Home BUSINESS AGRICULTURE How Nigeria Can Generate 188 Billion From Cassava Annually – Expert

How Nigeria Can Generate 188 Billion From Cassava Annually – Expert

Farmer carefully packing harvested cassava tubers for transportation to the market

The Executive Director of Partnership Initiative for Niger Delta (PIND), Dara Akala, has shown how Nigeria can generate over $427.3 million (about N188 billion) from domestic value-added to cassava in addition to $2.98 (about N1.2 Trillion) in export of the commodity annually.

Speaking today,  November 5 at the National Cassava Summit in Abuja, Dala Akala said that processing would potentially unlock about 16 million dollars in taxes to the government per annum.

The summit was in collaboration with the International Institute of Tropical Agriculture (IITA), it stated.

The PIND boss said that a 2020 report estimated that Nigeria would need to plant about 28.3 million metric tonnes of fresh cassava roots on about 1.2 million hectares of land annually, to meet the country’s demand for its by-products and derivatives.

According to him, PIND has invested almost $800,000 to increase cassava production, strengthened coordination and relationships of cassava value chain actors, and has promoted improved technologies for cassava production in the Niger Delta region.

“Through this, we have effectively reached approximately 300,000 farmers with information and training, and facilitated the creation of almost 2,500 jobs and a network of 150 service providers.”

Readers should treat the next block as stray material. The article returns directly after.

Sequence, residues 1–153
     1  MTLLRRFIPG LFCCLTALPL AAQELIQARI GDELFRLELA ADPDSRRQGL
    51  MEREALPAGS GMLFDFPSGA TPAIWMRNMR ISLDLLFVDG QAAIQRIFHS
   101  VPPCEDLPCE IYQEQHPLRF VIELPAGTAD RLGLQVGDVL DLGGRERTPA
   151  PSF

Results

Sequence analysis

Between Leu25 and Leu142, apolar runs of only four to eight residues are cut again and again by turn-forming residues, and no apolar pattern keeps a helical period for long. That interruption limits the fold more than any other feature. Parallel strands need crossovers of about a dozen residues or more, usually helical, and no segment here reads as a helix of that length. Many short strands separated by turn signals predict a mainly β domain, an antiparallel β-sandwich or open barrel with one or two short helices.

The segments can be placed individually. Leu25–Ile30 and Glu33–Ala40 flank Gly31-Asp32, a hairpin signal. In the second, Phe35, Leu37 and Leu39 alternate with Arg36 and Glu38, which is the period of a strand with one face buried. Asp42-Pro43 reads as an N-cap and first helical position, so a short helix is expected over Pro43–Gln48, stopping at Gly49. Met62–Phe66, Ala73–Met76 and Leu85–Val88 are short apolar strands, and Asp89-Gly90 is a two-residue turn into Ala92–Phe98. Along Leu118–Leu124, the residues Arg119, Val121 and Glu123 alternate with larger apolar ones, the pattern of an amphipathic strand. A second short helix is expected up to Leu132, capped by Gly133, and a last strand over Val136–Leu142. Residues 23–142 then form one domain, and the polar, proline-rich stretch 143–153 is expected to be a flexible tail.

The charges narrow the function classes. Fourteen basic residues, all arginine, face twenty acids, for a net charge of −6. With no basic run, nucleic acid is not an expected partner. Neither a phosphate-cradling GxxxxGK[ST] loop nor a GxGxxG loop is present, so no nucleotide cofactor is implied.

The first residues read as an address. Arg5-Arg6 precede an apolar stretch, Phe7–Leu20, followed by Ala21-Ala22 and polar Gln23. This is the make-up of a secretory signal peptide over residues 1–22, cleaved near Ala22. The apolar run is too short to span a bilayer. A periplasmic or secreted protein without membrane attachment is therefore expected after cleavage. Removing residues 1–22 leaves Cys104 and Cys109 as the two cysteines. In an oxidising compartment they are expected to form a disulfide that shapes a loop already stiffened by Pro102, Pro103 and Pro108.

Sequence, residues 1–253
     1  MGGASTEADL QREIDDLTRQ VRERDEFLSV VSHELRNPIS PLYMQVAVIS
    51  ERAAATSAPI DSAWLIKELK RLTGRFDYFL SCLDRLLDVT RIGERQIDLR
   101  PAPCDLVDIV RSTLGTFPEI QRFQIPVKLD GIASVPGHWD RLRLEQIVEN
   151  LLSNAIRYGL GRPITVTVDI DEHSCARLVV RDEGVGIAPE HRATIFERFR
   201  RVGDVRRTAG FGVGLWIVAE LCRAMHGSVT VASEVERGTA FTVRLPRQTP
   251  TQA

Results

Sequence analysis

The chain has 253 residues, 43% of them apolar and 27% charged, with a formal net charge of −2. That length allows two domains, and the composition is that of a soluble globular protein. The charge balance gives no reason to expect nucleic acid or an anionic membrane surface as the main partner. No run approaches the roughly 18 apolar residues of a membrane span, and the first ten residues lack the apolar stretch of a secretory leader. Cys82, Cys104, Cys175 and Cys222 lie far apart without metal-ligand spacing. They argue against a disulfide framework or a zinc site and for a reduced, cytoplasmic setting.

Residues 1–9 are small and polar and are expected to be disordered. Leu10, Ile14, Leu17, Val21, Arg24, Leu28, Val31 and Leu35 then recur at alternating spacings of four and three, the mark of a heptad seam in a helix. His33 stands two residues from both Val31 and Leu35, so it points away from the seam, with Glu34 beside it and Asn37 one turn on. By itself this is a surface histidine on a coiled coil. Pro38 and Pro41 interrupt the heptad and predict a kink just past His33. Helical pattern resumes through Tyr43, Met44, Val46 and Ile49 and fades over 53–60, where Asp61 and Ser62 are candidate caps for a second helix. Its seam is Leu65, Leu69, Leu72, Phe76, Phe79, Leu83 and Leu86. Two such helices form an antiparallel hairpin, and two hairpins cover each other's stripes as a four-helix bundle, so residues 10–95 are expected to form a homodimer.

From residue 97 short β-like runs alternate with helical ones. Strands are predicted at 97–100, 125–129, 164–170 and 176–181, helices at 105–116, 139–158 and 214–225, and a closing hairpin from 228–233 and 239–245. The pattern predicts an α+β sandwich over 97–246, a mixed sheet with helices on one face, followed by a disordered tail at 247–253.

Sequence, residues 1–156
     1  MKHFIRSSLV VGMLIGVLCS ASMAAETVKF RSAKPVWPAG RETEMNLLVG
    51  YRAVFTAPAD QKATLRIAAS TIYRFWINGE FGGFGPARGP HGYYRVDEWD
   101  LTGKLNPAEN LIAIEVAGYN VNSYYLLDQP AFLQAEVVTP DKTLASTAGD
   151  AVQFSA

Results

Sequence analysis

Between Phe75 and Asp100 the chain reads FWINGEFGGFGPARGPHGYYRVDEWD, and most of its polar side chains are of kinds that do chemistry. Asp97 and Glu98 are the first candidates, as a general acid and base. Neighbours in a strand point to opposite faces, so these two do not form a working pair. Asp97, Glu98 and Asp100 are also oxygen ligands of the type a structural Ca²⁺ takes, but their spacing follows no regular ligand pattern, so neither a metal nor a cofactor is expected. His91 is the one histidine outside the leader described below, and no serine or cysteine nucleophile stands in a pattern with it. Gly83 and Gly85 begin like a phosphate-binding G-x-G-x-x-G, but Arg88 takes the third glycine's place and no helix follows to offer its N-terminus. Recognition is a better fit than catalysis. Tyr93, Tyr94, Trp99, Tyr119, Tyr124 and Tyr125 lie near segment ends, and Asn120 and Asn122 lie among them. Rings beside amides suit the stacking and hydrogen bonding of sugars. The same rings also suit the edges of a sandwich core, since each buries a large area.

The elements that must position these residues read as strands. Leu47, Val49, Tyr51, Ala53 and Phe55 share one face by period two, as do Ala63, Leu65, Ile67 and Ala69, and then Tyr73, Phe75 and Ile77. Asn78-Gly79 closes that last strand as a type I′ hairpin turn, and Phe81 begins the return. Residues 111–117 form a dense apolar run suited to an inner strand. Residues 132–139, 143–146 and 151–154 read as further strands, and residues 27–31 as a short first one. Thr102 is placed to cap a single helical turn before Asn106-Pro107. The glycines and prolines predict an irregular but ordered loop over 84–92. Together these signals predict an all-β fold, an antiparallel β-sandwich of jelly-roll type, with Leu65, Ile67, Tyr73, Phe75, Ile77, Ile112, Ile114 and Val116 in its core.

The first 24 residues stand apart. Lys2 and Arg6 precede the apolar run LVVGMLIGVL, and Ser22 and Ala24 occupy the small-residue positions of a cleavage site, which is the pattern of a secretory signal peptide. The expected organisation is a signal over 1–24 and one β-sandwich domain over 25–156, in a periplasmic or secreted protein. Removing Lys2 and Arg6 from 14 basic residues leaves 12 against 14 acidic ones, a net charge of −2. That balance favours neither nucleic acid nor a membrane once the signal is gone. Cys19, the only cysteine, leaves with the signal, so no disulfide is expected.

Akala, however, said the large-scale cassava processors required a reliable, healthy and timely supply of fresh cassava roots to feed their mills continually.

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He regretted that Nigerian farmers are unable to deliver the quantity and quality of cassava roots required on time, resulting in low productivity, gross under-utilisation of turnkey processing machines and subsequent loss of capital.

He said that experts had reported that the combination of high yielding, virus free varieties, mechanised system and good agronomic practices, including six steps in weed management, could be the country’s game changer in root supply.

A Director at IITA, Dr Alfred Dixon, expressed sadness that Africa is spending about 35 billion annually on food import.

“The danger is if we do nothing about this, food import would rise to 110 billion dollars by 2025, and if this happens, our trade, and particularly exchange rates, will be in jeopardy.

“We will be exporting jobs and importing poverty, unemployment  will rise and raise the tempo of youth restiveness to a higher degree.

“The impact will be precarious on the food and nutrition security of the continent, it is timelier to double our efforts to arrest the situation.”

Source: NAN.

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